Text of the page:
The Norwegian individual then posted his solution to the interoperability problem on the Internet, and that information was eventually picked up by website operators and other individuals in the United States. The DVD CCA and later the eight plaintiffs herein subsequently brought two suits, captioned below, in California and New York, seeking to prevent the posting of DeCSS on Internet sites.

Mr. Hughes therefore objects to the complaint on various grounds, including but not limited to the fact that the DMCA does not apply to DeCSS, there is a reverse engineering exception to the DMCA, plaintiffs are misusing their copyright, plaintiffs invoke the wrong section of the DMCA, the DMCA is an unconstitutional prior restrain on free speech, and the alleged posting of the DeCSS is protected political speech. Mr. Hughes further objects to the standing of the plaintiffs to bring the within action, and argues that the complaint is deficient on a number of grounds, including, but not limited to failure to bring an action by the real party in interest, failure to join a party needed for a just adjudication, and numerous failures to state a claim upon which relief can be granted.

II. Proposed Motions and Basis for Each Motion:

  1. The within complaint should be dismissed because under F.R.C.P. 17(1) because plaintiffs are not the real party in interest. The eight named plaintiffs claim, in their complaint, that they are "the major motion picture studios in the United States," and that "[e]ach plaintiff is engaged in the business of producing, manufacturing, and/or distributing copyrightable material, including, specifically motion pictures." Complaint at ¶ 2. Plaintiffs then admit that they are members of the digital versatile disc ("DVD") industry, and that they are either direct licensees or contractors of direct licensees, of the contents scramble system ("CSS"). Compliant at ¶ 18.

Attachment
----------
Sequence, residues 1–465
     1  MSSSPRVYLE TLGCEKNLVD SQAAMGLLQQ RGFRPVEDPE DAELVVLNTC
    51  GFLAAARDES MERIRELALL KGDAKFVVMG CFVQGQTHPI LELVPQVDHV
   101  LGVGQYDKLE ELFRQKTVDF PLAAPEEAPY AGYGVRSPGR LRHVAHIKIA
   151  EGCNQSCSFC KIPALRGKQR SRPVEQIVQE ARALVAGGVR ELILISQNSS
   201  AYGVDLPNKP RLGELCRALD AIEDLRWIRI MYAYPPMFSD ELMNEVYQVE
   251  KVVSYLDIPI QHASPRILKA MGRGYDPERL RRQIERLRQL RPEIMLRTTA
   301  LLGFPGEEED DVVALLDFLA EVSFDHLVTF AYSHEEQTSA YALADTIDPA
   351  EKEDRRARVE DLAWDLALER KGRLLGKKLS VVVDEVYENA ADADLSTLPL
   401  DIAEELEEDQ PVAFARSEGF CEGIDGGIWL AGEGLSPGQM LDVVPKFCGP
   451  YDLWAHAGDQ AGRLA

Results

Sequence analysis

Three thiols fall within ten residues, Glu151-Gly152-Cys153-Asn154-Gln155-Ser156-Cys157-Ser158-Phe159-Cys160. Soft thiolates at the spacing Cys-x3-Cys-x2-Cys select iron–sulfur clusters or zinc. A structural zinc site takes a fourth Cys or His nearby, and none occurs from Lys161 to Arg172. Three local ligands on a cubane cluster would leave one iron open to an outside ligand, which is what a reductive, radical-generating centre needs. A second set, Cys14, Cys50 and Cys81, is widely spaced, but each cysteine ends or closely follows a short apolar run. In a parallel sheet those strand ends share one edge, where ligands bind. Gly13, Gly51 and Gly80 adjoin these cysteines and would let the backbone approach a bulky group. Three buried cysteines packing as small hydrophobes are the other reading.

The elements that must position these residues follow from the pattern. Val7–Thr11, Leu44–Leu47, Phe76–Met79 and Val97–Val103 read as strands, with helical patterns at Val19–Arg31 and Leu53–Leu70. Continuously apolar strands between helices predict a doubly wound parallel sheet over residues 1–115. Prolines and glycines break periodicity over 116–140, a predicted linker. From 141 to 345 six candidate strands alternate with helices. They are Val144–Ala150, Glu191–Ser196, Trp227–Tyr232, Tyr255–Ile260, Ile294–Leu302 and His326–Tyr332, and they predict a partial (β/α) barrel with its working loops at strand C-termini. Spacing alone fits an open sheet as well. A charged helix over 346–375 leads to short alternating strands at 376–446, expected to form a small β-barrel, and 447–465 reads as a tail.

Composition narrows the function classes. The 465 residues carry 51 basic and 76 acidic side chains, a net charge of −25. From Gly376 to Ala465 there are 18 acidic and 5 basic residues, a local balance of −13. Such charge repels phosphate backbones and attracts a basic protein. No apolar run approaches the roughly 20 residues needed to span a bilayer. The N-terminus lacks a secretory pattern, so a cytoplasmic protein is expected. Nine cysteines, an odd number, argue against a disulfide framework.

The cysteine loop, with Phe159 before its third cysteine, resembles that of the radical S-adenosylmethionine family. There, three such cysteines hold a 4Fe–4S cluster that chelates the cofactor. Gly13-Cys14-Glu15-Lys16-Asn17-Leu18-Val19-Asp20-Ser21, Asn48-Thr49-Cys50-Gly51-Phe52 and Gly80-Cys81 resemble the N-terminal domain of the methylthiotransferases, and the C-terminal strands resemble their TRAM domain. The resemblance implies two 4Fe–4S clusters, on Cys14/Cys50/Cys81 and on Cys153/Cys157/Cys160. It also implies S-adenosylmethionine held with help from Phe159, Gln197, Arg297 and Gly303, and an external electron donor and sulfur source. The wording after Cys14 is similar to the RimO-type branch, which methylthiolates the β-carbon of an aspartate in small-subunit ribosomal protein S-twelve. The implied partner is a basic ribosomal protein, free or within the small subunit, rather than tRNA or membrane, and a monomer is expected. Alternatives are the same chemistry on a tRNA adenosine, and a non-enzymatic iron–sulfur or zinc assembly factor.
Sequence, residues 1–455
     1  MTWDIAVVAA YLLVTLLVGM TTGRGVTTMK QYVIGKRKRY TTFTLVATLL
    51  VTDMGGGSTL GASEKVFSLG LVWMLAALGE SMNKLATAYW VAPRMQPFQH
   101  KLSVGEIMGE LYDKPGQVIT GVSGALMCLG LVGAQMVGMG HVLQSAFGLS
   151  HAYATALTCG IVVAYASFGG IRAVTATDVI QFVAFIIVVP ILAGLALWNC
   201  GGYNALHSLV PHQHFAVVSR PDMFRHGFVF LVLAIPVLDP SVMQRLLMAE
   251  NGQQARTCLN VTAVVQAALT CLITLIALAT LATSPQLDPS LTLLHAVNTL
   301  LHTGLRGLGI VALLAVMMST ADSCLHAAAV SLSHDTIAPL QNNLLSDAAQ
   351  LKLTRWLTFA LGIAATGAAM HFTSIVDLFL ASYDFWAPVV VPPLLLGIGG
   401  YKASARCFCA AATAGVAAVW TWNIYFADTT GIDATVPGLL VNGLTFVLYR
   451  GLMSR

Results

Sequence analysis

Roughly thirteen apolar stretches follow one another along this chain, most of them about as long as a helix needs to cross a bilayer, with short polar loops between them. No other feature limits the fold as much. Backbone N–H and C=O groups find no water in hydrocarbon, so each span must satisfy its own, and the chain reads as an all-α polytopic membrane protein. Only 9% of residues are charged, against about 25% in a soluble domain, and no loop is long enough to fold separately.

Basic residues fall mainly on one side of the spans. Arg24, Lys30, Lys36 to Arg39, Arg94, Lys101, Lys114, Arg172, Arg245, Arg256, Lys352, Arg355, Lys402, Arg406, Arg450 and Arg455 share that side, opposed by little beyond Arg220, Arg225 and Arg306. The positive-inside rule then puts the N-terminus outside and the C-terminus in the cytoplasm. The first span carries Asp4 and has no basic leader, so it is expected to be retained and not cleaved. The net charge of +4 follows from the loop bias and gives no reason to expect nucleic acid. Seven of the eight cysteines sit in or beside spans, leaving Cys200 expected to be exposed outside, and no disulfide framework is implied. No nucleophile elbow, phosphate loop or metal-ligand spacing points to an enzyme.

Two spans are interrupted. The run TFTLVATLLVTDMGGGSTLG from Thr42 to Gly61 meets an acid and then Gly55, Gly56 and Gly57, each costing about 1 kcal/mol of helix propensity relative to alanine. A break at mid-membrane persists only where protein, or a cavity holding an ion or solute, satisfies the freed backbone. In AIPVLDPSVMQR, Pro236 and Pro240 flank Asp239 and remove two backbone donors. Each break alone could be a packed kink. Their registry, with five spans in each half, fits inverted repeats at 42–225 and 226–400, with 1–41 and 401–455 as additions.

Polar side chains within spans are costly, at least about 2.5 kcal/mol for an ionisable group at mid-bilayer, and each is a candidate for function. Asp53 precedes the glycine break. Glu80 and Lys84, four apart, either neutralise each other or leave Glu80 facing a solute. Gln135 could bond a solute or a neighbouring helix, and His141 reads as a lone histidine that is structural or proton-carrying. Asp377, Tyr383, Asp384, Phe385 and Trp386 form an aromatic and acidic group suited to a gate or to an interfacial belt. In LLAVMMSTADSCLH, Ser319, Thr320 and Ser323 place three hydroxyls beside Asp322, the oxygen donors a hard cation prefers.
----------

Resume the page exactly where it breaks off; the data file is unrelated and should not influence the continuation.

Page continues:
2. Plaintiffs, however, have chosen to bring their action under the Digital Millennium Copyright Act ("DMCA") 12 U.S.C. § 1201 et seq., and more specifically, 17 U.S.C. § 1201(a)(2), claiming that by "offering to the public, providing, or otherwise trafficking in DeCSS, defendant has violated the provisions governing circumvention of copyright protection systems" as set forth in the DMCA. Complaint at ¶ 27. Putting aside the issue whether the alleged actions of Mr. Hughes are a violation of any provisions of the DMCA vel non, the fact remains that by bringing an action alleging circumvention of the CSS system, plaintiffs have attempted to bring an action for the benefit of the DVD Copy Control Association, Inc. ("DVD CCA"), the holder of the CSS licence, which is the real party in interest and whose presence is necessary for a just adjudication.

    The DVD CCA, organized under § 501(c)(3) of the Internal Revenue Code, is a voluntary organization created by the computer hardware, consumer electronics and motion picture industries to create technological standards for DVD technology. The DVD CCA is the owner of the CSS technology and licenses that technology to the various industries and manufacturers supplying product to those industries. The eight named plaintiffs in the within action are not the owners of the CSS technology they claim has been circumvented, nor are they the only members of the entity owning and licensing the CSS technology. Therefore it is only the DVD CCA which has the arguably protestable interest which plaintiffs allege was affected by Mr. Hughes. It is the DVD CCA that owns the license rights to CSS technology, and the motion picture industry therefore cannot seek to prosecute the rights or another.